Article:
Roberts: As you say, Springer's team was going on a suicide mission and there had to be consequences. Nick and I made it our mission to make readers care so much about the D-listers that by the end you'd be rooting for them over the established characters. I will say this about the death scenes: we wanted to make them matter. We wanted them to be varied, to give the impression of finality, and to demonstrate, paradoxically, that Transformers are very hard to kill. Rotorstorm gets his head blown off; Ironfist's brain is punctured by a bullet; the Jumpstarters have their sparks extinguished. We didn't want cast members to die in a boring hail of bullets.
The head-blowing-off of Rotorstorm definitely gives a sense of finality in Last Stand of the Wreckers #3, by Nick Roche, James Roberts and Guido Guidi.
CraveOnline: Your two-part Chaos Theory story really blew my mind, with an amazing new origin story for the Autobots. The fact that their central philosophy is based on the writings of Megatron before he succumbed to violent anger is nothing short of astounding. What was the genesis of that bold idea?
Roberts: 'Chaos Theory' started out as a one-shot – a Spotlight – that focused on Megatron. Part 1 is essentially that one-shot, with Megatron preaching non-violent direct action and Impactor taking a different view. The story gained a second part at the suggestion of Andy Schmidt, John's predecessor, who asked me to do an Optimus Prime equivalent. I knew early on that I wanted Optimus/Orion to single-handedly defeat some thugs attacking his place of work (that sequence was loosely inspired by A Brief History of Violence); the trip to the Senate came later. If I remember correctly, Hasbro were keen for it to be established that Optimus had coined the name Autobot. It was in talking to Andy about how we might work this in that the idea of Optimus citing Megatron as an inspiration came about.
CraveOnline: How much input does Hasbro have with your creative direction? Do they suggest full-on arcs, or just little spots here and there, like Optimus invents the term 'Autobots' and, I assume, 'change Hot Rod to Rodimus?'
Roberts: Hasbro are wonderfully receptive to IDW trying out new things, whilst at the same time knowing when it's necessary to remind us creatives what it is about Transformers that made then popular in the first place: they guard the purity of the central concepts. They take an active interest in everything from script to art to coloring, and they have the ultimate say-so as to what's acceptable within the comics – as well they might, given that they own the property – but they don't take an interventionist approach just for the sake of it.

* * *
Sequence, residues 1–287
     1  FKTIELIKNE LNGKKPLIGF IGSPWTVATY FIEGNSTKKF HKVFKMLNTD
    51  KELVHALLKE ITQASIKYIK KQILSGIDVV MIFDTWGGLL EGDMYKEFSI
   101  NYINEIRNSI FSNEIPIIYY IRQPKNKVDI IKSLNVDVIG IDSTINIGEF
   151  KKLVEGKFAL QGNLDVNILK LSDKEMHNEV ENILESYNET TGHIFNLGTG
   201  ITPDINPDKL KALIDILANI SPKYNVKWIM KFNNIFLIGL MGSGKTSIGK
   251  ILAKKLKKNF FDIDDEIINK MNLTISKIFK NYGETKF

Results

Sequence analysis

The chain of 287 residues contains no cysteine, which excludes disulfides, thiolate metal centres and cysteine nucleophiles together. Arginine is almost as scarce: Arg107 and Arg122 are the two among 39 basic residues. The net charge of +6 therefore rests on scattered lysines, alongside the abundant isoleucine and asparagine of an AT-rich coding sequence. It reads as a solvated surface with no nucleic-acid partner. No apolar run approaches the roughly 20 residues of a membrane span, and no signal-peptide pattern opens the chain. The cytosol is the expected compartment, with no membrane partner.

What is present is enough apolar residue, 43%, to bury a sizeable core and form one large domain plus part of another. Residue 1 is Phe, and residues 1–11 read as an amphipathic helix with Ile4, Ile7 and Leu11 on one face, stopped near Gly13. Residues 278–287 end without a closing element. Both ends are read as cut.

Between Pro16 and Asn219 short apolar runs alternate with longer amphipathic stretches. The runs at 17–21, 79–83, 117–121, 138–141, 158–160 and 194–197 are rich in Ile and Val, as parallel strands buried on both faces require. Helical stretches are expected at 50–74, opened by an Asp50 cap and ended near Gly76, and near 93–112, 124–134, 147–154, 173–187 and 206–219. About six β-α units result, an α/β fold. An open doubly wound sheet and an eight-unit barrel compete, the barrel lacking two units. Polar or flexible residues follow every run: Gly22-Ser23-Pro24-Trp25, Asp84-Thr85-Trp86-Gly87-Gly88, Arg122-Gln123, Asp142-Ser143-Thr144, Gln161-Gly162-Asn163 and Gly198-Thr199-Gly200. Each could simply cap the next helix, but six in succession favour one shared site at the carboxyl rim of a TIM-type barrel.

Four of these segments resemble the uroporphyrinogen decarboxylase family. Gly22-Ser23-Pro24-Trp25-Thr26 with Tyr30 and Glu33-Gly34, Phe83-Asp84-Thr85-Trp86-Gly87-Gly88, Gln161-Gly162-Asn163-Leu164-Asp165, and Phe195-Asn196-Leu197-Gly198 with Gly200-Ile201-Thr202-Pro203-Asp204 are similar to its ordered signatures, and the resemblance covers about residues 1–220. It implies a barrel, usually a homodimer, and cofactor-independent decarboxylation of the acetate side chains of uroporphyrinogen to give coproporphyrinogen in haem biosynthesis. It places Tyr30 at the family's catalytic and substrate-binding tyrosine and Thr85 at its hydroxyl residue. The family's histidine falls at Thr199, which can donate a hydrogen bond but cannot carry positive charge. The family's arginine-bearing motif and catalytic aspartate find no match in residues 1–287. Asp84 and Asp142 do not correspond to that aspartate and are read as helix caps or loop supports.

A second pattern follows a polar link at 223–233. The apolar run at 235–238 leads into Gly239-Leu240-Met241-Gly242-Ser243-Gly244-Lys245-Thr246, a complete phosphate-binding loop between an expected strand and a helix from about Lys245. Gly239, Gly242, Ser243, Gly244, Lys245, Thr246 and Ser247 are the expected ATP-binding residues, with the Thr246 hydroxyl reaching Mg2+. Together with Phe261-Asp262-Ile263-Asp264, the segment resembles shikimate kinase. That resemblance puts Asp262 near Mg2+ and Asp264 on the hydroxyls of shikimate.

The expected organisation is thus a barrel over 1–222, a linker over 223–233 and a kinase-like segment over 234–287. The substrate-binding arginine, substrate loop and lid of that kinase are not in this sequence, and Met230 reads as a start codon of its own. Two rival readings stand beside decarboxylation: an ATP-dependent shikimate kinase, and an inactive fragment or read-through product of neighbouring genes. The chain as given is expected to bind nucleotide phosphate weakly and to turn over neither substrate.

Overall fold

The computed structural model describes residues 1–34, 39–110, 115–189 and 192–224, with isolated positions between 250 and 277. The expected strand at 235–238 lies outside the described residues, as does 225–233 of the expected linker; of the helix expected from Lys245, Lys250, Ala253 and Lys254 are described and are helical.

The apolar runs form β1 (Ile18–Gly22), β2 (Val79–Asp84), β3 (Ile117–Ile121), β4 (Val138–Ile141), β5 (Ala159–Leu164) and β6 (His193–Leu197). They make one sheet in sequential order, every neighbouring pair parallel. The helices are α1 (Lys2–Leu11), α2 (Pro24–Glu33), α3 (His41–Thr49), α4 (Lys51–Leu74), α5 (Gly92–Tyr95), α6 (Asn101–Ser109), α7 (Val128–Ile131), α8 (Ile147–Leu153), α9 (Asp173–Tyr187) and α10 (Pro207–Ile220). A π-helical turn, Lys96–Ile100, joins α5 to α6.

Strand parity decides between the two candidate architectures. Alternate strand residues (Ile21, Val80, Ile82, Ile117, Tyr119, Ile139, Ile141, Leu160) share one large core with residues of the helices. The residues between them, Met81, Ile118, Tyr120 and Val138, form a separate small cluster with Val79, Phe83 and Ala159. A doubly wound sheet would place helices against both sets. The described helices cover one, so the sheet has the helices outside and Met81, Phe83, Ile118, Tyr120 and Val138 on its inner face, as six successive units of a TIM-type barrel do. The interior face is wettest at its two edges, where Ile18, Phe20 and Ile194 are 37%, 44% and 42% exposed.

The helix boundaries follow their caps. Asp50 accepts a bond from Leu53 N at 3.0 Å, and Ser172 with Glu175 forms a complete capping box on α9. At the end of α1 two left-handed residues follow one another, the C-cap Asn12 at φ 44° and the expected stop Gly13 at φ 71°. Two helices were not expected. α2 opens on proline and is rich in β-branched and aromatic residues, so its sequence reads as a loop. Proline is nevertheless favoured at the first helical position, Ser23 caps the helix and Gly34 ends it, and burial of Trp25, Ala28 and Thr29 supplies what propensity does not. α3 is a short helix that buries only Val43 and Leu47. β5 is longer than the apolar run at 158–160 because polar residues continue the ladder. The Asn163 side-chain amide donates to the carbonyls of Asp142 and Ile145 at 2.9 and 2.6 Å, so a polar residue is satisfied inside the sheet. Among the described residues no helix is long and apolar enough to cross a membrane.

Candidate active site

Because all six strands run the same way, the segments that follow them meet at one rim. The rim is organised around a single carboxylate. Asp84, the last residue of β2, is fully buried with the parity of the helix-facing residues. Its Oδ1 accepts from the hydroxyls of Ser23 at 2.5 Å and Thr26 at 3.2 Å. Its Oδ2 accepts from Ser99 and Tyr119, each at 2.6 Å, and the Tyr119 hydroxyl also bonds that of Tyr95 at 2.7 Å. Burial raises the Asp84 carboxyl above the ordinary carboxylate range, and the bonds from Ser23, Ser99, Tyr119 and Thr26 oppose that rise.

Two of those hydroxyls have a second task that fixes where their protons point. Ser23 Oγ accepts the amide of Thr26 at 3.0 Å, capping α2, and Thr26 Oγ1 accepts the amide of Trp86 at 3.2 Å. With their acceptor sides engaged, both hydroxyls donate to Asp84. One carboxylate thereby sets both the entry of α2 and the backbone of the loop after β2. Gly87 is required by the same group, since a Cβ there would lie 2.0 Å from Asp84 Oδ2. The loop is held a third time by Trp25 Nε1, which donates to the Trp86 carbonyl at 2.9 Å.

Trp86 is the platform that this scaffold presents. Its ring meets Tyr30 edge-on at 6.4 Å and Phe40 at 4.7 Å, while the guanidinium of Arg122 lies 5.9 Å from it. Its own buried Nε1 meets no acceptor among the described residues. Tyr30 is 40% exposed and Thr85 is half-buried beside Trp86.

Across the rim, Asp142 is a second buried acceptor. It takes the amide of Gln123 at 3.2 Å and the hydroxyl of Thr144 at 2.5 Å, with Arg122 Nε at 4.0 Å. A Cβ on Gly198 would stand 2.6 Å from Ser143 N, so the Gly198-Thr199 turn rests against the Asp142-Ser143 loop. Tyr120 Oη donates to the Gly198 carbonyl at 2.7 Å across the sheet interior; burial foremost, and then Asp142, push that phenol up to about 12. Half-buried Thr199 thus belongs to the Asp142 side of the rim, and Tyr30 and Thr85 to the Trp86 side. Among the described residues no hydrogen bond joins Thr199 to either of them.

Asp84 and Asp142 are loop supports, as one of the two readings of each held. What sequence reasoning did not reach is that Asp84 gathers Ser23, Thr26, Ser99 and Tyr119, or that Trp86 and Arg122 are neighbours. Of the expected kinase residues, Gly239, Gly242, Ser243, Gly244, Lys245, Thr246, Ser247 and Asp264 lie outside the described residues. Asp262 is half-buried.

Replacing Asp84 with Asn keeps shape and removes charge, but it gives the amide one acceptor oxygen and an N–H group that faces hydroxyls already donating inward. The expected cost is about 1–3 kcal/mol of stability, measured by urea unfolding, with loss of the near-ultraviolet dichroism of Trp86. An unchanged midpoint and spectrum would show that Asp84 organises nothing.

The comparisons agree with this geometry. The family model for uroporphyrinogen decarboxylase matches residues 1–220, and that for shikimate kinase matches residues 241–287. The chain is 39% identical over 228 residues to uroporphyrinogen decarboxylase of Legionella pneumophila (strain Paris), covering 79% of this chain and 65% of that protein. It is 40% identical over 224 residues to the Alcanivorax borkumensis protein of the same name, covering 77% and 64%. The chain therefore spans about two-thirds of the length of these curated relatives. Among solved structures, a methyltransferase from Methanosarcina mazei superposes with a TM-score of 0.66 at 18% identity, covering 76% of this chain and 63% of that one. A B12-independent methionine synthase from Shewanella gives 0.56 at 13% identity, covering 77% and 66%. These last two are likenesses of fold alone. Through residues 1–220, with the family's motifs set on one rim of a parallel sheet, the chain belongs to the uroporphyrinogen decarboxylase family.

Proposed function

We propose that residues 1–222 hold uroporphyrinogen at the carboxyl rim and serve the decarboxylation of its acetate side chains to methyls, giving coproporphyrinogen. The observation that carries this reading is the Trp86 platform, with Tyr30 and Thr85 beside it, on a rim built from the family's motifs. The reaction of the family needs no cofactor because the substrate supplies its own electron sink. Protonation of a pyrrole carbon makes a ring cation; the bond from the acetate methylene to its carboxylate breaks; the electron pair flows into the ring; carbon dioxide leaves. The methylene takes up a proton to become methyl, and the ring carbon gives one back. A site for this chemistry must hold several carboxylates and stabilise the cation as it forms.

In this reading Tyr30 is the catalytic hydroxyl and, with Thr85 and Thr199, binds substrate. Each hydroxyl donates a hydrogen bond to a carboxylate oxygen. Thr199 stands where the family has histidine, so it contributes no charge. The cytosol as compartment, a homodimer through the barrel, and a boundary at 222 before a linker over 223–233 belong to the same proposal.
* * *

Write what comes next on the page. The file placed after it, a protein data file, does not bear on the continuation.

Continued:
Orion Pax addresses a corrupt Cybertronian Senate in Transformers #23: Chaos Theory by James Roberts and Alex Milne
CraveOnline: The digital-only Autocracy miniseries seems to be building on the foundations you laid in 'Chaos Theory.' Are Chris Metzen and Flint Dille coming to you for advice on how to add to your established world-build with their flashback story of the Decepticons as insurgents, or is John Barber well-versed enough in how you think that he can field any questions they might have for you?
Roberts: The latter. I was chuffed to hear that the springboard for Autocracy would be 'Chaos Theory,' but John knows his Transformers well enough to field any questions. Autocracy started brilliantly and is going to get even brillianter. You can tell I'm a writer, yeah?
CraveOnline: 'The Death of Optimus Prime' was also a very interesting pseudo-bait-and-switch, taking the most familiar Transformers trope and spinning it on its ear, giving good ol' Orion Pax a happy ending where he gets to actually be himself instead of Impossibly Perfect Leadership Icon, pursuing his own interests. Is that really the end for him as far as your stories go, or are there plans for Rodimus and his crew to happen upon him somewhere down the line? There's certainly justifiable rationale for either choice.
Roberts: I don't think anyone will be surprised if I say that Orion Pax will one day return. But then I could be lying.
CraveOnline: The natural next question becomes 'who gets the rights to whatever the deal's going to be with Megatron?' He's vanished, too, but he seemed to have a heroic last stand fighting D-Void, possibly bringing him full circle from his idealistic youth. Is his story finished? Is it necessary to put the two eternal faction figureheads out to pasture to get to the story of the rest of Cybertronian society? How far do you think you'd have to progress with your stories before bringing someone like him back into the picture and not have it immediately regress back to the war stories?
Roberts: Optimus Prime/Orion Pax and Megatron are the two pillars that hold the whole Transformers mythos aloft. They're such iconic characters that even their absence informs the direction of travel as far as the stories are concerned. So they're off screen, but the nature of their departure and/or the prospect of their return accounts for the motivations of virtually everybody else. The trick (as far as I'm concerned) is to not make them so impossibly powerful and perfect (or in Megatron's case, perfectly evil) that they (a) become two-dimensional; and (b) dominate every story that they're in. I think IDW have a good track record in avoiding this so far.